A 90-year-old water main burst under Sunset Boulevard on Tuesday, producing a raging geyser that sent 8 million to 10 million gallons of water onto the UCLA campus, flooding several buildings, including the famed Pauley Pavilion.
It took the Los Angeles Department of Water and Power about four hours to fully shut off the 30-inch-diameter line as water inundated athletic fields, underground garages filled with cars and various campus walkways. No one was hurt, officials said, but swift-water rescue crews had to assist five people stuck in flooded garages.
FOR THE RECORD:
Pauley Pavilion: An article in the July 30 A section on flooding at UCLA said that Pauley Pavilion was a venue where basketball legends including Gail Goodrich had played. Goodrich's final season at UCLA was the year before games were first played at Pauley Pavilion in the 1965-66 season.
The trunk line break offered dramatic new evidence of Los Angeles' crumbling water infrastructure, which has been a recurring problem for years. Large sections of the water system are old and corroded, and the city has struggled to find the money to replace them.
Water pipe breaks and leaks occur several times a day in L.A., but none in recent memory was as serious as Tuesday's flooding. DWP officials said the break was so extreme in part because the line pulls water down from the Stone Canyon Reservoir. When the line broke, water flowed out at a rate of 75,000 gallons a minute.
A series of major breaks in 2009 -- including one in which a sinkhole partly swallowed an L.A. Fire Department truck -- generated outrage and calls for action.
Utility officials warned in 2012 that 1 million feet of pipeline -- or 20% of the system -- had been in service for 100 years or more. The utility predicted that by 2014, more than 1.4 million feet of pipeline -- or 27% of the total -- would be at least a century old.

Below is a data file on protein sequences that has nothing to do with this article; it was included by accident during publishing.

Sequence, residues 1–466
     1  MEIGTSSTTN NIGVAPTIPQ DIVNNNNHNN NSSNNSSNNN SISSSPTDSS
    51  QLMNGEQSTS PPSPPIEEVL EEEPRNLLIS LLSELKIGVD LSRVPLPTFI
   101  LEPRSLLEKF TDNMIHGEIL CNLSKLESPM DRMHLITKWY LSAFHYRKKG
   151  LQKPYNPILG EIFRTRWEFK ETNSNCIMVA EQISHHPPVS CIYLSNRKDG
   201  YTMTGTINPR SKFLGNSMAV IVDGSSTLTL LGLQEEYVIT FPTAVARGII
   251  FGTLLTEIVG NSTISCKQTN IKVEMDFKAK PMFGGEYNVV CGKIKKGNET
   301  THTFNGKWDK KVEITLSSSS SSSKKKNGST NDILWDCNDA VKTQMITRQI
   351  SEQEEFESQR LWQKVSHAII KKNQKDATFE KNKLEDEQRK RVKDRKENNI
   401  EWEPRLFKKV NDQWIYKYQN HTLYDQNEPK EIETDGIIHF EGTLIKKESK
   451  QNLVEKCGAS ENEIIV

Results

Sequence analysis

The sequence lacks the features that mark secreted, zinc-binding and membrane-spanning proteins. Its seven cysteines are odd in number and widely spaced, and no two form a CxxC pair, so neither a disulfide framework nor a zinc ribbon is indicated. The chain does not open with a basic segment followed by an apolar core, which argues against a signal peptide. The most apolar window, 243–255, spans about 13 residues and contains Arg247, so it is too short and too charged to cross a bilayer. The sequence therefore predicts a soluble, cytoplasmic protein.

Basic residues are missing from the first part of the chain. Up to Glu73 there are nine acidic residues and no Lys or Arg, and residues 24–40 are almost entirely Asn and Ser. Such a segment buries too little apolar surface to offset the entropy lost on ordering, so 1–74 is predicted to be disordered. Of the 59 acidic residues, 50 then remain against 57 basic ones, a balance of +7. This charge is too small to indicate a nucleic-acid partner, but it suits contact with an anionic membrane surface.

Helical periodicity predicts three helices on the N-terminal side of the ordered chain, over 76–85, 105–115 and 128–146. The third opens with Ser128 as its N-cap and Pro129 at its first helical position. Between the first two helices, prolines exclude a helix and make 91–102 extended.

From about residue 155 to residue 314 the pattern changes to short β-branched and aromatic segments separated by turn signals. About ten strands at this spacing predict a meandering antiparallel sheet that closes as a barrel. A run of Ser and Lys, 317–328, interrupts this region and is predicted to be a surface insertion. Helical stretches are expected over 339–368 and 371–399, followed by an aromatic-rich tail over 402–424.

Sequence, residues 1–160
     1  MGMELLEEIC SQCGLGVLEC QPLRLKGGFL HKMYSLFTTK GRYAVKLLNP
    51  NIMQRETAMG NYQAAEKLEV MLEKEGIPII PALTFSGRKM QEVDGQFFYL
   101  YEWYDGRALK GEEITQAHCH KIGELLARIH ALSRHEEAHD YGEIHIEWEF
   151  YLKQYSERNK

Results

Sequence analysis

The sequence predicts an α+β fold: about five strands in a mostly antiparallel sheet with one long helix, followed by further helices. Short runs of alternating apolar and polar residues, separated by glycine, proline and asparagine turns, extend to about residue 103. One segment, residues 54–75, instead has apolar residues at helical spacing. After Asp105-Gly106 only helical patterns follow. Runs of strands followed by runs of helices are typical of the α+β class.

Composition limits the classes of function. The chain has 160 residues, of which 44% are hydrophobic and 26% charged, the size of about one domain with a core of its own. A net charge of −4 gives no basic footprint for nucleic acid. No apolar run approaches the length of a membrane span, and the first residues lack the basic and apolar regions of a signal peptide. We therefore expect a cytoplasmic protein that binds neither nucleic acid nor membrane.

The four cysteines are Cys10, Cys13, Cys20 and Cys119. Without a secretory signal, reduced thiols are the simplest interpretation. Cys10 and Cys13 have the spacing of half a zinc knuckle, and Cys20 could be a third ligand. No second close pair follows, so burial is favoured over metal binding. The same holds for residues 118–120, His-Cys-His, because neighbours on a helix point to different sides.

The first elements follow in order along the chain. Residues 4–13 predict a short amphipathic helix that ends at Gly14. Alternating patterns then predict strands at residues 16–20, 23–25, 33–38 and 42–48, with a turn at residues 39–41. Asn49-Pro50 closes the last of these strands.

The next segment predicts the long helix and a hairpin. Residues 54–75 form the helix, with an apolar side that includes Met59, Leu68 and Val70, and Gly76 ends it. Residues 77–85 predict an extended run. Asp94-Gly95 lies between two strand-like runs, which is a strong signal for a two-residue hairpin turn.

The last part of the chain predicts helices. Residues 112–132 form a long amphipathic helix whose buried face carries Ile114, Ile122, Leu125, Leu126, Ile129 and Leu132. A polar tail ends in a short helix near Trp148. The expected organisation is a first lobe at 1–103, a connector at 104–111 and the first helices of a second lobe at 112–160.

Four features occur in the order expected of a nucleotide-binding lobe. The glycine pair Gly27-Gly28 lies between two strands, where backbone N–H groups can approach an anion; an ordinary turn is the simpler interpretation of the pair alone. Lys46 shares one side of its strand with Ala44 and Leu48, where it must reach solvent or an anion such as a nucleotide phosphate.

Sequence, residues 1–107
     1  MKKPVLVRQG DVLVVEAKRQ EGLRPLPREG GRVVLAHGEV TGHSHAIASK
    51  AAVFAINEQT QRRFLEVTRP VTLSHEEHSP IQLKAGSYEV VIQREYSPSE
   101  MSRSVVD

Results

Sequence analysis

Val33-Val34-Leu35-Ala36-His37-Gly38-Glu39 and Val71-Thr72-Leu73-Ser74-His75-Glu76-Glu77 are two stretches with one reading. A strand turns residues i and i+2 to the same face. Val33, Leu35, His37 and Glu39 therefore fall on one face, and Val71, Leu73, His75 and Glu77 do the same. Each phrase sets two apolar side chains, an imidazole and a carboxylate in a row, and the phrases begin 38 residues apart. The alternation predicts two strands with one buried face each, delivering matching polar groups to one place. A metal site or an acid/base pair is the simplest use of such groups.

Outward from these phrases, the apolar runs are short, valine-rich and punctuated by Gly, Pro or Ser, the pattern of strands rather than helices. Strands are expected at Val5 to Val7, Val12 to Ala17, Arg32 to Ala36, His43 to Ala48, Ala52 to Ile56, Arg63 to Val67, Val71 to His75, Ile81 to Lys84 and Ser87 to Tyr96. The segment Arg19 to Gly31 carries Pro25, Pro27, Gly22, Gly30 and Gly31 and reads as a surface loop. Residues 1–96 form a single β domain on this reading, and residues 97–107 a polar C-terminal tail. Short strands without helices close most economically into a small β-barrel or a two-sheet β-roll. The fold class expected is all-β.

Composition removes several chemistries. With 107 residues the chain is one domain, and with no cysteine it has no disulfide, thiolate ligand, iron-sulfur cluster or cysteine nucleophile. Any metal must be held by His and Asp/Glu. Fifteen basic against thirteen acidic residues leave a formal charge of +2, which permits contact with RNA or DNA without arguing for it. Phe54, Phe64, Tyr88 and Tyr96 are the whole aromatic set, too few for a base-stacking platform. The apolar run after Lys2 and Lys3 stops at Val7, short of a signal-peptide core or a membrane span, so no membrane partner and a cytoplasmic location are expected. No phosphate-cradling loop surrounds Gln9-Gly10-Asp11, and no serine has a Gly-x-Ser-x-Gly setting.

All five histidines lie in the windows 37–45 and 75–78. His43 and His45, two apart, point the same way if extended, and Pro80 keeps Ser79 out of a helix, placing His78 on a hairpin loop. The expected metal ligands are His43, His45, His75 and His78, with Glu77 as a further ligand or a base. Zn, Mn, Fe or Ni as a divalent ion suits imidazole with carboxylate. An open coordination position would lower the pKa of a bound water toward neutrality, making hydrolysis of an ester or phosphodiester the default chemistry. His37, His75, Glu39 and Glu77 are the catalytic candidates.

The city is slowly swapping out the old lines, but it would take several lifetimes to replace the entire system at the current pace.
DWP officials had hoped to secure a 5% water rate hike in the 2013-14 fiscal year, with some of that going to infrastructure improvements, said Fred Pickel, who serves as the utility's ratepayer advocate.
But that plan was dropped, he said, and there was no rate increase this year.
Because of the drought, DWP customers have experienced an average 45% increase in overall water rates since early 2012, Pickel said. But nearly all the additional money is going toward purchasing water, not fixing pipes, he said.
Jonathan Parfrey, director of the organization Climate Resolve and a former DWP commissioner, said it was a mistake not to raise rates and boost infrastructure improvements.
"This is part of running a major city," Parfrey said. "You can't let politics get in the way of serving the people of Los Angeles. It's irresponsible."
Councilman Paul Koretz said Tuesday's break could prod the city to pursue bigger, quicker increases in water rates. But he cautioned that there was only so much more money that ratepayers -- or the city -- could pony up to replace pipes.
"It would cost us a fortune to replace all of our water mains at once," said Koretz, who represents the area around UCLA. "I suspect even if we put every dime of the entire city budget in ... it wouldn't be resolved in 10 years."